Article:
Notwithstanding the letter of Article II, the Supreme Court in Humphrey’s Executor v. United States (1935) upheld the constitutional legitimacy of independent executive agencies whose heads are removable by the President only for cause, not at will, and therefore are not supervised or directed by the President. These agencies wield consolidated legislative, executive, and judicial powers—to issue general rules that bind members of the public, to enforce those rules, and to adjudicate cases involving alleged violations of those rules.

But Humphreys Executor involved an agency headed by multiple officials. The CFPB is a unique entity—an independent agency headed by a single director who (as summarized by Judge Kavanaugh) “unilaterally enforces 19 federal consumer protection statutes covering everything from home finance to student loans to credit cards to banking practices . . . [and] alone decides what rules to issue; how to enforce, when to enforce, and against whom to enforce the law; and what sanctions and penalties to impose on violators of the law.”

Judge Kavanaugh recognized that Humphreys Executor foreclosed a conclusion that the structure of the CFPB violated Article II simply because the CFPB is an independent agency with consolidated powers and is not directly accountable to the President. He responded by formulating a construction, informed by the spirit of the clause he was giving effect to: Independent agencies may not be headed by a single person.

In an opinion that exemplifies the virtues of context-sensitive judicial engagement, Kavanaugh explained why the dangers of consolidated, unaccountable power—dangers that the Framers sought to safeguard Americans against by vesting all executive power in the President—are particularly pronounced where an agency that wields such power is headed only by a single person. Having agencies headed by multiple members, wrote Kavanaugh, serves as a surrogate safeguard against the dangers that independent agencies present. It protects individuals by “requiring the assent of a majority of commissioners to take significant action” against any individual; promotes deliberation by allowing the “costs and downsides of proposed decisions [to] be more fully ventilated”; mitigates the risk of “extreme, idiosyncratic, or otherwise off the rails” decisions; enables better monitoring of agency decision-making; and protects agencies “against ‘capture’… by regulated entities or interest groups,” it being easier to pressure a single person to act for the benefit of private interests rather than any public end than to pressure multiple people to do the same. The panel concluded by stating that the CFPB may remain in existence, “but the President now will have the power to remove the Director at will, and to supervise and direct the Director.”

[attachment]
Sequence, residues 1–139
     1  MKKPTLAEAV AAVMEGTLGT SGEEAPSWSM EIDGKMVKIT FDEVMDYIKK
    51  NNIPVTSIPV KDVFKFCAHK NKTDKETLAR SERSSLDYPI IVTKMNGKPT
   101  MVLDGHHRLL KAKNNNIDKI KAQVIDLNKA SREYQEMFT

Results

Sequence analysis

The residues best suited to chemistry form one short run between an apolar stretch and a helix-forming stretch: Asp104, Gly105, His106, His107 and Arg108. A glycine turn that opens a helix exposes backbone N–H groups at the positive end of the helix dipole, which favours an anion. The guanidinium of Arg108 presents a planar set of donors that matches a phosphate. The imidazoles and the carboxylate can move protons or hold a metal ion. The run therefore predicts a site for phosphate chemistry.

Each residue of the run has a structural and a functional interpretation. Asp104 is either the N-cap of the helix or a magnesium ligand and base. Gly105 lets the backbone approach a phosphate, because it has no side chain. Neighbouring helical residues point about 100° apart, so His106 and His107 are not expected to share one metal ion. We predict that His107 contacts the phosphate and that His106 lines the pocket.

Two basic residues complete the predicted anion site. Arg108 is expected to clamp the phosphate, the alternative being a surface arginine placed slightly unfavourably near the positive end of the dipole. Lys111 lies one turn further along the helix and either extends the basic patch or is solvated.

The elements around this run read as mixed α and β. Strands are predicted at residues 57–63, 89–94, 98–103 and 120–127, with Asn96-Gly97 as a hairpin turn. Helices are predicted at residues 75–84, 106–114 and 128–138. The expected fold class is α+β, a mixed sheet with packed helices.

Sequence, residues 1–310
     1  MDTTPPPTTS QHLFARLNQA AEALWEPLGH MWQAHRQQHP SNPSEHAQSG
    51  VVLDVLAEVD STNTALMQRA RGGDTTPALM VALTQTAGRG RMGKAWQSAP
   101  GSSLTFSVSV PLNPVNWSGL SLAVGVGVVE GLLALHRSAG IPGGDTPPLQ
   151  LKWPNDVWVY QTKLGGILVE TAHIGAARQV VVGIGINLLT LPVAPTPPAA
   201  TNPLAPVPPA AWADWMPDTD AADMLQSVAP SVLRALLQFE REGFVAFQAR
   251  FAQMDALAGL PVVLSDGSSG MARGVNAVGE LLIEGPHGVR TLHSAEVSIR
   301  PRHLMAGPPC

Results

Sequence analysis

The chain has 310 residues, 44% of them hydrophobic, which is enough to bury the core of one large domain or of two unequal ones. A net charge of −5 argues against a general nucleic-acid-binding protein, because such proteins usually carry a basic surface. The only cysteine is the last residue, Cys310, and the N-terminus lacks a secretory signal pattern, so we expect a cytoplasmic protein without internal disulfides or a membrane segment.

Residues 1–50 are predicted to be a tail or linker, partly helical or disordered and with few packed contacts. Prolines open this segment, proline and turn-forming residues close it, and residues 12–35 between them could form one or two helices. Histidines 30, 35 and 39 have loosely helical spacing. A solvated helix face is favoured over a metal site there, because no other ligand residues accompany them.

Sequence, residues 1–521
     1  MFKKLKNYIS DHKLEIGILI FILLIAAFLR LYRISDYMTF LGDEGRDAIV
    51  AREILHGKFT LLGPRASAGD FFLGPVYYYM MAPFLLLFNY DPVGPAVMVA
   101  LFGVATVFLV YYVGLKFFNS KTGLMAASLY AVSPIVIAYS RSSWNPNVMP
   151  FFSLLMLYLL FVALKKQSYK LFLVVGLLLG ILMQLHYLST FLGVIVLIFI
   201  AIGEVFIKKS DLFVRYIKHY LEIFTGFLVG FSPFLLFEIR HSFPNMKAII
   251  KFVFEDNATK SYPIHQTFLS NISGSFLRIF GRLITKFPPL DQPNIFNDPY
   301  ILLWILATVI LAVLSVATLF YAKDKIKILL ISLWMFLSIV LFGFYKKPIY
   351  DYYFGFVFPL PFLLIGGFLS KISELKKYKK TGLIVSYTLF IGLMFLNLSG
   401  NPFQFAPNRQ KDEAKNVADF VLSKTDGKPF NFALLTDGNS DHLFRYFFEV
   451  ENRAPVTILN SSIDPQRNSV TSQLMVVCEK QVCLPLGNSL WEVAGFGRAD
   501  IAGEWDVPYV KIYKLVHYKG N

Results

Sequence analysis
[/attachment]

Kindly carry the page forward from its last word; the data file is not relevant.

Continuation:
Judge Kavanaugh’s analysis provides a blueprint for judges who confront uncertainty concerning constitutional questions—whether that uncertainty is manufactured by erroneous but controlling precedent, insusceptible of resolution despite judges’ best efforts, or a byproduct of the inherent imprecision of language. As Founding-era judges recognized, the spirit of the law is no less a component of the law than the letter. Recourse to the spirit is not a departure from the law—it is a means of giving effect to the law, as best one can. Where the letter gives out, the law does not—and neither does judicial duty. Good-faith construction equips judges to discharge their duty.